How to lead successfully through uncertainty

“I think we’re lost. Yeah, we’re lost. I KNOW we’re lost!”

Does that sound like the worried buzz at the company where you once worked – or the one where you work now?

Did the path forward once seem SO clear, so destined to be successful in the cool logic of business or project planning?

Does your plan now seem like fiction?

These “we’re lost” quotes were not from an employee sometime, somewhere.

These were the fears of our then-12-year-old son, Matt, as his 20-year-old sister, Anne, tried to lead us back to our hotel in Paris when we were trying to find our way to home base on the last night of a family trip there.

Anne was our leader in this case because she was, effectively, the only French-speaking member of the family.

She’d been nervous about taking on communications and navigation leadership at the beginning of the French portion of this trip. She grew into the role beautifully, though.

Her skills were really being tested this final evening.

And she did get us safely back to the hotel, despite the doubts of some of her followers.

What worked in this situation can help you, too, to succeed when you must adapt best-made plans quickly in order to lead successfully through uncertainty.

Make yourself easy to follow

Be clear about your vision, plan and directions.

Use simple language and descriptions that everyone can understand. Speak in specific, concrete terms.

Help your team understand what’s different in this situation from the original plan.

Be clear about your assumptions

We all know stories about teams that made incorrect assumptions in planning and then never adjusted them, despite the facts. In many of these cases great difficulties, even tragedies, occurred which might have been prevented.

Be attentive to whether your assumptions are solid…or need to be revised…as you make your way through the plan. Use good data. Figure out what it’s telling you.

Adjust both your plan and actions if facts make it clear you must.

Trust your instincts, but check the facts

One of the primary strengths of the way Anne led us back to the hotel that evening was that she started with a vision of success that held up, in spite of the nervousness around her.

She also paid close attention to her intuition, combined with the facts and feedback she could gather from the team (her family, in this case) and the environment.

Finally, she held it all together with a healthy spirit of adventure that made the team successful, and the experience memorable, in a positive way.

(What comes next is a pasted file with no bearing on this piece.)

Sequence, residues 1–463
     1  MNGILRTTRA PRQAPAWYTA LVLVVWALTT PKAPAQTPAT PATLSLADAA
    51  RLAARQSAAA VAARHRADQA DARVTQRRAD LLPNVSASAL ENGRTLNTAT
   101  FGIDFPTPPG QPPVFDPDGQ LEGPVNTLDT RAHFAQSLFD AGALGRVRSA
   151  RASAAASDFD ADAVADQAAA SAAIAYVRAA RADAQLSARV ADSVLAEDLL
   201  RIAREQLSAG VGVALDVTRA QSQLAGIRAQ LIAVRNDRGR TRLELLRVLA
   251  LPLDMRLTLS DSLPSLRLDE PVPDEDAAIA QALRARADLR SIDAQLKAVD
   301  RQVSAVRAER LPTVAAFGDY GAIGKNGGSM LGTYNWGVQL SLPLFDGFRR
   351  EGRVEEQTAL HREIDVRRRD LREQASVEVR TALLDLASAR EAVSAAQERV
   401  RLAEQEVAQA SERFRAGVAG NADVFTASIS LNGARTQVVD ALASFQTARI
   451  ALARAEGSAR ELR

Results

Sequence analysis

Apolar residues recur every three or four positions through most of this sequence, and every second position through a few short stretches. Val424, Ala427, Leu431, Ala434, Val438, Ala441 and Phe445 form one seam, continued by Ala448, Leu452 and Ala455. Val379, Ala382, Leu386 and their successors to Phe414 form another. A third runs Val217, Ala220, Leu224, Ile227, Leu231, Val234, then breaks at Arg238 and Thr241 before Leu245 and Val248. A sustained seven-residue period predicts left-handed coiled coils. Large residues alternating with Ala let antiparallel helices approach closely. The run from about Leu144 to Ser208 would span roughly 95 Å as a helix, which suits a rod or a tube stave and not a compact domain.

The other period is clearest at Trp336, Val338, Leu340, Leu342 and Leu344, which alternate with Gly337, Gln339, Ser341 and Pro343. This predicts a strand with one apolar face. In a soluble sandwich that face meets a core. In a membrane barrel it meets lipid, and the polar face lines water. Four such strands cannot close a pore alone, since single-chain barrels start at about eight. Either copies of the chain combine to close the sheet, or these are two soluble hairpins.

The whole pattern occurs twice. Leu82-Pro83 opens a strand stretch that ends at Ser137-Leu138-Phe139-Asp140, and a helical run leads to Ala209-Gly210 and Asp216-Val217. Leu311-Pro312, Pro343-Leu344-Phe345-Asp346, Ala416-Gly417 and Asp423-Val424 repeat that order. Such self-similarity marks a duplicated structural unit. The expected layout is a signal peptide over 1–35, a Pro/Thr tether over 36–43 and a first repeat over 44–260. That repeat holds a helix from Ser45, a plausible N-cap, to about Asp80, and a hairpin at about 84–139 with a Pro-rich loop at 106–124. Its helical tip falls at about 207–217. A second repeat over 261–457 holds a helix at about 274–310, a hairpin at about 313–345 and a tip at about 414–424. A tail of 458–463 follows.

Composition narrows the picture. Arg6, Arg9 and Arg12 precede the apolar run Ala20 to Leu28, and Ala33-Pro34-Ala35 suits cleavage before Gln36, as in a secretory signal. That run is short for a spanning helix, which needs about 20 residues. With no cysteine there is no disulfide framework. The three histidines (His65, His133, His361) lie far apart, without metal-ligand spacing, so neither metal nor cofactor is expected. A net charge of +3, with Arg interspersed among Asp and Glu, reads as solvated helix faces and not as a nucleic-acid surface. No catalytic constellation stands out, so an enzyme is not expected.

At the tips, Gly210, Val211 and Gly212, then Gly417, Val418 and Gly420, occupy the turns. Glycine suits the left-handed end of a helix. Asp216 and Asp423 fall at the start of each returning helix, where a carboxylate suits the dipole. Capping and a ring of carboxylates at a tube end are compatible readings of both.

Show confidence, courage

This is often a major key to tipping the balance of a team’s focus from fear and anticipation of failure – particularly when plans must change rapidly – to confidence and conviction.

Armed with a vision, a revised or flexible plan, and guided by facts gathered along the way, you and your team can move with assurance in whatever circumstances you find.

Make simple agreements – and keep them

Agree with your team on the milestones at which you’ll check your progress, and the data or metrics you’ll use to evaluate whether you’re on- or off-course.

Then keep those agreements. You’ll build a strong experience of being a team – and improve your outcome – as you face uncertainty together.

Keep communication flowing

Success requires strength, confidence and everyone’s willingness to stay fully involved.

Keep lines of communication open, free-flowing.

As a team leader, be clear about how you’ll make decisions. Ask for information or feedback you need.

Listen fully. Acknowledge, sort, synthesize and incorporate essential information you receive (if you don’t, people may stop bringing it to you).

Keep communication moving. It can be the difference between success and failure.

Follow through

This one can’t be said enough. Confidence grows when teams see a growing trail of small victories, one success leading to another.

Follow up.

Follow through.

Complete each task and keep moving.

Encourage others

If you’re discouraged in the unexpected situation in which you find yourself, others on your team probably are, as well. They’re watching you very, very closely, and your mood shows more than you know.

As the leader, it’s your job to get the group successfully and safely to their destination, despite the circumstances you find yourselves in.

Your job will be easier if you help to lighten the team’s load, even by letting them know that you see how much they’re carrying.

Show appreciation for their efforts and their flexibility.

When you’re right, no gloating, no showboating

Finally, congratulate and thank each member of the team, whatever role they played in the team’s success.

Remember – you got to your final destination together, not independently.